√
8.3.10. 2 arcsin(x/2) − x 4 − x2 /2 + C
2
8.4.6. x ln x − x + C
8.4.7. (x2 arctan x + arctan x − x)/2 + C
8.4.8. −x3 cos x + 3x2 sin x + 6x cos x −
6 sin x + C
8.4.9. x3 sin x + 3x2 cos x − 6x sin x −
6 cos x + C
8.4.10. x2 /4−(cos2 x)/4−(x sin x cos x)/2+
C
8.4.11. x/4 − (x cos2 x)/2 + (cos x sin x)/4 +
C
√
√
√
8.4.12. x arctan( x)+arctan( x)− x+C
√
√
√
8.4.13. 2 sin( x) − 2 x cos( x) + C
8.4.14. sec x csc x − 2 cot x + C
8.5.1. − ln |x − 2|/4 + ln |x + 2|/4 + C
8.5.2. −x3 /3 − 4x − 4 ln |x − 2|+
4 ln |x + 2| + C
8.5.3. −1/(x + 5) + C
8.5.4. −x − ln |x − 2| + ln |x + 2| + C
8.5.5. −4x + x3 /3 + 8 arctan(x/2) + C
8.5.6. (1/2) arctan(x/2 + 5/2) + C
8.5.7. x2 /2 − 2 ln(4 + x2 ) + C
8.5.8. (1/4) ln |x + 3| − (1/4) ln |x + 7| + C
8.5.9. (1/5) ln |2x − 3| − (1/5) ln |1 + x| + C
8.5.10. (1/3) ln |x| − (1/3) ln |x + 3| + C
8.6.1. T,S: 4 ± 0
Appendix A Selected Answers
8.6.2. T: 9.28125 ± 0.281125; S: 9 ± 0
8.6.3. T: 60.75 ± 1; S: 60 ± 0
8.6.4. T: 1.1167±0.0833; S: 1.1000±0.0167
8.6.5. T: 0.3235 ± 0.0026; S: 0.3217 ±
0.000065
8.6.6. T: 0.6478 ± 0.0052; S: 0.6438 ±
0.000033
8.7.15.
−1
+C
2(1 + tan t)2
(t2 + 1)5/2
(t2 + 1)3/2
−
+C
5
3
et sin t − et cos t
8.7.17.
+C
2
8.7.16.
8.6.8. T: 1.1170±0.0077; S: 1.1114±0.0002
(t3/2 + 47)4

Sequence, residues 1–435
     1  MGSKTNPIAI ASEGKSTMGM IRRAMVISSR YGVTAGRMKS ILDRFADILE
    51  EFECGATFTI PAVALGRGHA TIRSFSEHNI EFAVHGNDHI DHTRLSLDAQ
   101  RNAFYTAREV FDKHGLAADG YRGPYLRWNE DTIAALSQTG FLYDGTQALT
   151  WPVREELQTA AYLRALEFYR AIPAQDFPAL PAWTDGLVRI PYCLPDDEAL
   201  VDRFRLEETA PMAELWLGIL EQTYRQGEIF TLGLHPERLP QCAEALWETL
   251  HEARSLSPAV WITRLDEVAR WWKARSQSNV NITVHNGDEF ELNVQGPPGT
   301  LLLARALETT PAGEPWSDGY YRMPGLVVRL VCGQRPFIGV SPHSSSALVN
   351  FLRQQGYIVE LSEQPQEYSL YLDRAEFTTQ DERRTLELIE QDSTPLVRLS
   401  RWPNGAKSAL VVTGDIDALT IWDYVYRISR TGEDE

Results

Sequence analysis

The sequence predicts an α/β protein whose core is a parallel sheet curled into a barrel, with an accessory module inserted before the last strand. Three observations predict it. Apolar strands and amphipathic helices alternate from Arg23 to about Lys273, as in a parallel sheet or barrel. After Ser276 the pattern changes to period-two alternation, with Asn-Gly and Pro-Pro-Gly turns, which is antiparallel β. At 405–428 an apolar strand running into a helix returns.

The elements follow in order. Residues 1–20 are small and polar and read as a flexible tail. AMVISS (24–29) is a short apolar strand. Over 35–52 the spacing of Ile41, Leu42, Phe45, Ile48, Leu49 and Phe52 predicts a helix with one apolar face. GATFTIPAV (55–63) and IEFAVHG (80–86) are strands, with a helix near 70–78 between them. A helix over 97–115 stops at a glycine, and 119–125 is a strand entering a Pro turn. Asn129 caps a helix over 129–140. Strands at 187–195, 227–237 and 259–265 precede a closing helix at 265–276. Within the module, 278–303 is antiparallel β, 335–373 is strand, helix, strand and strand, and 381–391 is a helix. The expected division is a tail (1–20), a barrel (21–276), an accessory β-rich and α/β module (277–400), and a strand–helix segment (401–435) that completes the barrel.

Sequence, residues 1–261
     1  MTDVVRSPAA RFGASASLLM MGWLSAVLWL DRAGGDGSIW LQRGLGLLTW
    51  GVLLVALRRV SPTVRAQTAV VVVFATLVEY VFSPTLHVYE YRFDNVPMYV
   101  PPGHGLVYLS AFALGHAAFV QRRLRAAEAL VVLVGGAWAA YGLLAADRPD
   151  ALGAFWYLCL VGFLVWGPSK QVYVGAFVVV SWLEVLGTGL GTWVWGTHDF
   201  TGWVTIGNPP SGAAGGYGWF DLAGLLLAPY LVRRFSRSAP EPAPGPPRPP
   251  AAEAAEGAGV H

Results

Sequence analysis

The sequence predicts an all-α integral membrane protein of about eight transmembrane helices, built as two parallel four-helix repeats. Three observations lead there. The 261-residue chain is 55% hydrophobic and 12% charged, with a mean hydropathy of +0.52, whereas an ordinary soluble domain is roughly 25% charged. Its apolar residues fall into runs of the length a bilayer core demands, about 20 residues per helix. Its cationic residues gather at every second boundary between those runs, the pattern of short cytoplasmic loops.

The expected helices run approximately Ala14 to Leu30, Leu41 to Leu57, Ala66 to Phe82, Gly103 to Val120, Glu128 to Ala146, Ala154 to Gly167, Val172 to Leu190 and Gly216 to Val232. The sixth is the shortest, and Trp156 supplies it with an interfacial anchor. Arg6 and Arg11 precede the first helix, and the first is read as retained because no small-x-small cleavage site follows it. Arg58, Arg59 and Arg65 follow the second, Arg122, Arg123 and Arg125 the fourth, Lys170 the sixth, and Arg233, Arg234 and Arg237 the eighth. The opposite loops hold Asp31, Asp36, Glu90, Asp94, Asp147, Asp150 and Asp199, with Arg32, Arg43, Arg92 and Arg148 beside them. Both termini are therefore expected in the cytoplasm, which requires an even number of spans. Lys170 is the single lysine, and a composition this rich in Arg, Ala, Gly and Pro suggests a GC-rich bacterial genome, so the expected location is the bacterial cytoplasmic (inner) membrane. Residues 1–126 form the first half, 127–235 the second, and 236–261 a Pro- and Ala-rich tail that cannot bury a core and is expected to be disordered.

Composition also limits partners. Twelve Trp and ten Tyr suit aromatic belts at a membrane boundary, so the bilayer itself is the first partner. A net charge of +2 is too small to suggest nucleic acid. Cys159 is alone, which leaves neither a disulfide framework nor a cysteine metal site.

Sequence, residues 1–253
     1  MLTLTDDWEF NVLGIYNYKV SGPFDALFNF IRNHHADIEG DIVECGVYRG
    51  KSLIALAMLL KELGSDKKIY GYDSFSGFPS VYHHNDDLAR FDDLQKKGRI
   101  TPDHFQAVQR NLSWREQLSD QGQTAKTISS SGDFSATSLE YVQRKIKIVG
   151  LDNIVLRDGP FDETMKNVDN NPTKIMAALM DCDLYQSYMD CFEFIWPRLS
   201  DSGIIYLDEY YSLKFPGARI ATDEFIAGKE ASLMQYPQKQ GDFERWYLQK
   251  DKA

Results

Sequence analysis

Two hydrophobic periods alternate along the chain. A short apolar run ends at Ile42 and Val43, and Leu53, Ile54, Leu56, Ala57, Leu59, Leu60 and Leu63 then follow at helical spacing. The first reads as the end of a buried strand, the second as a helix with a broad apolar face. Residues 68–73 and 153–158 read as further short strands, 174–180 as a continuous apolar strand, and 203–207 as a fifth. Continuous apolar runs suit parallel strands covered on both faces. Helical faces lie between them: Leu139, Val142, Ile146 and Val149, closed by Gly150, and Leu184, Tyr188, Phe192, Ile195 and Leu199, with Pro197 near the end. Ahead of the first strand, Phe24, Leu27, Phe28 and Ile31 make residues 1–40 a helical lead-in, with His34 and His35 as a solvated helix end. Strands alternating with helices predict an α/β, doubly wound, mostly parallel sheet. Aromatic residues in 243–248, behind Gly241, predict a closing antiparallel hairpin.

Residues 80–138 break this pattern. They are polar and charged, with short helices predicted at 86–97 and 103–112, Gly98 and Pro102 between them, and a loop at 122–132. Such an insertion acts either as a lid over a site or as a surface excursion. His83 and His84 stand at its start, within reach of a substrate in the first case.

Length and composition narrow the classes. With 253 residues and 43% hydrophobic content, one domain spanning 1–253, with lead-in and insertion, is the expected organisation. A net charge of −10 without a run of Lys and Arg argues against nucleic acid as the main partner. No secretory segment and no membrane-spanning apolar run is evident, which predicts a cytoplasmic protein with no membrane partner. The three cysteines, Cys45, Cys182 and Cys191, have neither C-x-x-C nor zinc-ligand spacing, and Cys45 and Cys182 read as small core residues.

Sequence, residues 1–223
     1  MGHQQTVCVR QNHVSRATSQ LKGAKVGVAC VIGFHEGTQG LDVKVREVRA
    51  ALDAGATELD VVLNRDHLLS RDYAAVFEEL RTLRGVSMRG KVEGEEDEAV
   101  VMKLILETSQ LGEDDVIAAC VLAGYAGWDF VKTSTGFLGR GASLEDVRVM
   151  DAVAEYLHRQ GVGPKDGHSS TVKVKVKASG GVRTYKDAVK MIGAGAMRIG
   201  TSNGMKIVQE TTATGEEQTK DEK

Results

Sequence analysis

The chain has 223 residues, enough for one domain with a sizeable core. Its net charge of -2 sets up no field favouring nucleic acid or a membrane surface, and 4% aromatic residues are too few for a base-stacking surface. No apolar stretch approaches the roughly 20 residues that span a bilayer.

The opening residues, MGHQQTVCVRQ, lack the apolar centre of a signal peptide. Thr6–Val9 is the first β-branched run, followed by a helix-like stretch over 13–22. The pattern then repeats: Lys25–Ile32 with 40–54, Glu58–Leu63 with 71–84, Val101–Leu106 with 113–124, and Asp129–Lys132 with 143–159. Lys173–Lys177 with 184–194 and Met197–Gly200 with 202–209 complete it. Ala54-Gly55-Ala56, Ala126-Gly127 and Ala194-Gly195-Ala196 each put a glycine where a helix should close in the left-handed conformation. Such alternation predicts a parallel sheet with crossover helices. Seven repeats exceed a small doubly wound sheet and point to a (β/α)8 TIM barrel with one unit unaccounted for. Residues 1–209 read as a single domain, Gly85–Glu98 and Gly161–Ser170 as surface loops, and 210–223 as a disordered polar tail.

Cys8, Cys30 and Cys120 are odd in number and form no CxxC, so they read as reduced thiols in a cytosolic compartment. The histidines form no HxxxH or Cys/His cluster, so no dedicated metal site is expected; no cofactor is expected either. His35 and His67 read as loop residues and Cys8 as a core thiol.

+C
6
2
1
8.7.19.
−
+C
2
3/2
3(2 − t )
(2 − t2 )1/2
8.6.9. T: 1.097 ± 0.0147; S: 1.089 ± 0.0003
8.7.20.
8.6.7. T: 2.8833±0.0834; S: 2.9000±0.0167
8.6.10. T: 3.63 ± 0.087; S: 3.62 ± 0.032
(t + 4)4
+C
4
(t2 − 9)5/2
8.7.2.
+C
5
8.7.18.
8.7.1.
2
8.7.3.
8.7.4.
8.7.5.
8.7.6.
8.7.7.
8.7.8.
8.7.9.
8.7.10.
8.7.11.
8.7.12.
8.7.13.
8.7.14.
(et + 16)2
+C
4
2
cos t − cos3 t + C
3
2
tan t
+C
2
ln |t2 + t + 3| + C
1
ln |1 − 4/t2 | + C
8
1
tan(arcsin(t/5)) + C =
25
t
√
+C
25 25 − t2
2√
sin 3t + C
3
t tan t + ln | cos t| + C
√
2 et + 1 + C
3t sin 2t sin 4t
+
+
+C
8
4
32
ln |t| ln |t + 3|
−
+C
3
3
√
−1
+ C = − 1 + t2 /t + C
sin arctan t
8.7.21.
8.7.22.
8.7.23.
8.7.24.
8.7.25.
8.7.26.
ln | sin(arctan(2t/3))|
+C =
9
ln(4t2 ) − ln(9 + 4t2 )
+C
18
(arctan(2t))2
+C
4
3 ln |t + 3| ln |t − 1|
+
+C
4
4
cos7 t cos5 t
−
+C
7
5
−1
+C
t−3
−1
+C
ln t
t2 (ln t)2
t2 ln t t2
−
+ +C
2
2
4
8.7.27. (t3 − 3t2 + 6t − 6)et + C
√
√
5+ 5
8.7.28.
ln(2t + 1 − 5) +
10√
√
5− 5
ln(2t + 1 + 5) + C
10
√
9.1.1. 8 2/15
9.1.2. 1/12
9.1.3. 9/2
9.1.4. 4/3
9.1.5. 2/3 − 2/π
√
9.1.6. 3/π − 3 3/(2π) − 1/8
491
492
Appendix A Selected Answers
9.1.7. 1/3
√
9.1.8. 10 5/3 − 6
9.4.3. 1/A
9.1.9. 500/3
9.1.10. 2
9.4.5. −1/3, 1
√
√
9.4.6. −4 1224 ft/s; −8 1224 ft/s
9.1.11. 1/5
9.5.1. ≈ 5, 305, 028, 516 N-m
9.1.12. 1/6
9.5.2. ≈ 4, 457, 854, 041 N-m
9.4.4. π/4
9.2.1. 1/π, 5/π
9.5.3. 367, 500π N-m
9.2.2. 0, 245
9.5.4. 49000π + 196000/3 N-m
9.2.3. 20, 28
9.5.5. 2450π N-m
√
9.2.4. (3 − π)/(2π), (18 − 12 3 + π)/(4π)
9.5.6. 0.05 N-m